Harry "Skip" Brandon, a former senior counterterrorism official at the FBI, says the Iraq war "serves as a real rallying point, not only for the region, but also in Asia. We've seen very solid examples of them using the Iraq war for recruiting. I have seen it personally in Malaysia. The Iraq war is a public relations bonanza for Al Qaeda and a public relations disaster for us the longer it goes on." Egyptian president Hosni Mubarak's prediction that the occupation of Iraq would create "a hundred bin Ladens" is beginning to look prescient. We may soon find ourselves facing something akin to a global intifada.

Yet despite Al Qaeda's undiminished global influence, the United States has pulled vital resources away from the hunt for bin Laden and Zawahiri. Soon after the fall of the Taliban, substantial numbers of Arabic speakers at the CIA and the National Security Agency were directed to focus on Iraq rather than the hunt for Al Qaeda.


Special Operations soldiers with critical skills--including Arabic language training--were perhaps the U.S. military's key asset in the effort to capture Al Qaeda leaders. But according to Larry Johnson, who used to work on counterterrorism issues at the CIA and State Department and who now advises the U.S. military on terrorism, those forces were pulled out of Afghanistan in the spring of 2002 to look for Scud missiles in western Iraq.


And therein lies the crux of the problem: The United States did not effectively crush Al Qaeda forces in Afghanistan during the war and its aftermath, which meant that those forces were able to slip away into the border region, where they can hide and organize attacks both inside Afghanistan and around the world.

Saddam Hussein's Iraq--despite the administration's arguments to the contrary--was hardly a haven for Al Qaeda. But now, Iraq has become what some experts call a "supermagnet" for jihadists. "We've created the World Series of terrorism," a senior government counterterrorism official told me.
Bush "sold" the war on Iraq "under the banner of winning the war on terrorism" -- but for the reasons Bergen sets forth, "by that standard, it has been a grotesque failure."

When you vote on Tuesday, remember those words: with regard to what Bush himself regards as the primary issue in this election, his policies have led to "a grotesque failure." If you wish your vote to count as an endorsement of those policies and for their continuation, be my guest. Just please don't tell me that you are doing so because you're concerned about America's security or well-being. If you were, you would vote for anyone other than Bush, or for no one at all.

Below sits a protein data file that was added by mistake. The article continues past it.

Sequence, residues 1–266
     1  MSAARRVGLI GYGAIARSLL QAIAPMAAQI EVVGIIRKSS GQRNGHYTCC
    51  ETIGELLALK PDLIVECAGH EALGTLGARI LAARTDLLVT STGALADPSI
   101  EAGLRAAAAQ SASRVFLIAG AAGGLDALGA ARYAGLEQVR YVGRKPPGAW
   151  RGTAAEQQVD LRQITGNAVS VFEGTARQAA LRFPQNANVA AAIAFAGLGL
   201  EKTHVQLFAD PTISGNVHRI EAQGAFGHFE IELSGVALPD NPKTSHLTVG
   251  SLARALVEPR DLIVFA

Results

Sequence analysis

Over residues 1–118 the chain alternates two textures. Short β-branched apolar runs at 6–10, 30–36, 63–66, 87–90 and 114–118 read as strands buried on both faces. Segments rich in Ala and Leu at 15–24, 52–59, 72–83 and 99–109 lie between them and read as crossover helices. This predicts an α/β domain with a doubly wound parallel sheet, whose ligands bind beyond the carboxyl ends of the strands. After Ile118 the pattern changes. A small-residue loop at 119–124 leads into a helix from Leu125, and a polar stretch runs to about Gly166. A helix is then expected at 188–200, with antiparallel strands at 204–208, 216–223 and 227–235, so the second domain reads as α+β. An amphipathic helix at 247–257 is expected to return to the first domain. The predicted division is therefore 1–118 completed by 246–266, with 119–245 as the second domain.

Here are a few excerpts from Mr. Bergen's discussion of the Tora Bora debacle [link no longer working]:
So: Was al Qaeda's leader at Tora Bora? According to a widely-reported background briefing by Pentagon officials in mid-December 2001 there was "reasonable certainty" that bin Laden was indeed at Tora Bora, a judgment based on intercepted radio transmissions. In his autobiography, American Soldier, General Franks himself recounts a scene in Waco, Texas in December 2001 where he briefed President Bush saying, "Unconfirmed reports that Osama has been seen in the White Mountains, Sir. The Tora Bora area" Moreover, Luftullah Mashal, a senior official in Afghanistan's Interior Ministry, told me that based on conversations he had with a Saudi al Qaeda financier and bin Laden's chef, both of whom were at the battle, bin Laden was at Tora Bora. In June, 2003 I met with several US counterterrorism officials who told me, "We are confident that he [bin Laden] was at Tora Bora and disappeared with a small group." And Palestinian journalist, Abdel Bari Atwan, a consistently accurate source of information about al Qaeda, has reported that bin Laden was wounded in the shoulder at Tora Bora. Indeed, in an audiotape released on al Jazeera television last year bin Laden himself recounted his own memories of the battle. "We were about three hundred holy warriors. We dug one hundred trenches over an area of one square mile, so as to avoid the huge human losses from the bombardment." In short, there is plenty of evidence that bin Laden was at Tora Bora, and no evidence indicating that he was anywhere else at the time.